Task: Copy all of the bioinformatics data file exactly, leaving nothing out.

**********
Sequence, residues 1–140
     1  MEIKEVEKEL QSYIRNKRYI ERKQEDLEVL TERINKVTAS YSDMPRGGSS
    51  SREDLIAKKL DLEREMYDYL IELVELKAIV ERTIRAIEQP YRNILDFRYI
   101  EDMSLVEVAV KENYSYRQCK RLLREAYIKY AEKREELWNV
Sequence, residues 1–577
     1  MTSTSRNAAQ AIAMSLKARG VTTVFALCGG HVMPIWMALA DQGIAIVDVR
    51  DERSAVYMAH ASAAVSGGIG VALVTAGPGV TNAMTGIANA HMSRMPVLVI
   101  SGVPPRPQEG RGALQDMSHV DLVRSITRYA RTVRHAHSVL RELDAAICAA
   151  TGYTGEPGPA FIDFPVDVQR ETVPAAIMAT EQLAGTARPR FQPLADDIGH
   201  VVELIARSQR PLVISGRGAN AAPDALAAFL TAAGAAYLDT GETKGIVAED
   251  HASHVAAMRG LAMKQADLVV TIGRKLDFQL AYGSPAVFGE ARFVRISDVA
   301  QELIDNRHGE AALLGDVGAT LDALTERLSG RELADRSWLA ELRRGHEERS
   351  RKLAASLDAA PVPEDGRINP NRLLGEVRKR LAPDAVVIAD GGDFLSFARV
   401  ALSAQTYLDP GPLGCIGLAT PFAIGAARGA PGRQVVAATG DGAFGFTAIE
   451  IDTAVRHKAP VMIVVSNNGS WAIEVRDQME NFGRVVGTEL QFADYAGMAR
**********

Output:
Sequence, residues 1–140
     1  MEIKEVEKEL QSYIRNKRYI ERKQEDLEVL TERINKVTAS YSDMPRGGSS
    51  SREDLIAKKL DLEREMYDYL IELVELKAIV ERTIRAIEQP YRNILDFRYI
   101  EDMSLVEVAV KENYSYRQCK RLLREAYIKY AEKREELWNV
Sequence, residues 1–577
     1  MTSTSRNAAQ AIAMSLKARG VTTVFALCGG HVMPIWMALA DQGIAIVDVR
    51  DERSAVYMAH ASAAVSGGIG VALVTAGPGV TNAMTGIANA HMSRMPVLVI
   101  SGVPPRPQEG RGALQDMSHV DLVRSITRYA RTVRHAHSVL RELDAAICAA
   151  TGYTGEPGPA FIDFPVDVQR ETVPAAIMAT EQLAGTARPR FQPLADDIGH
   201  VVELIARSQR PLVISGRGAN AAPDALAAFL TAAGAAYLDT GETKGIVAED
   251  HASHVAAMRG LAMKQADLVV TIGRKLDFQL AYGSPAVFGE ARFVRISDVA
   301  QELIDNRHGE AALLGDVGAT LDALTERLSG RELADRSWLA ELRRGHEERS
   351  RKLAASLDAA PVPEDGRINP NRLLGEVRKR LAPDAVVIAD GGDFLSFARV
   401  ALSAQTYLDP GPLGCIGLAT PFAIGAARGA PGRQVVAATG DGAFGFTAIE
   451  IDTAVRHKAP VMIVVSNNGS WAIEVRDQME NFGRVVGTEL QFADYAGMAR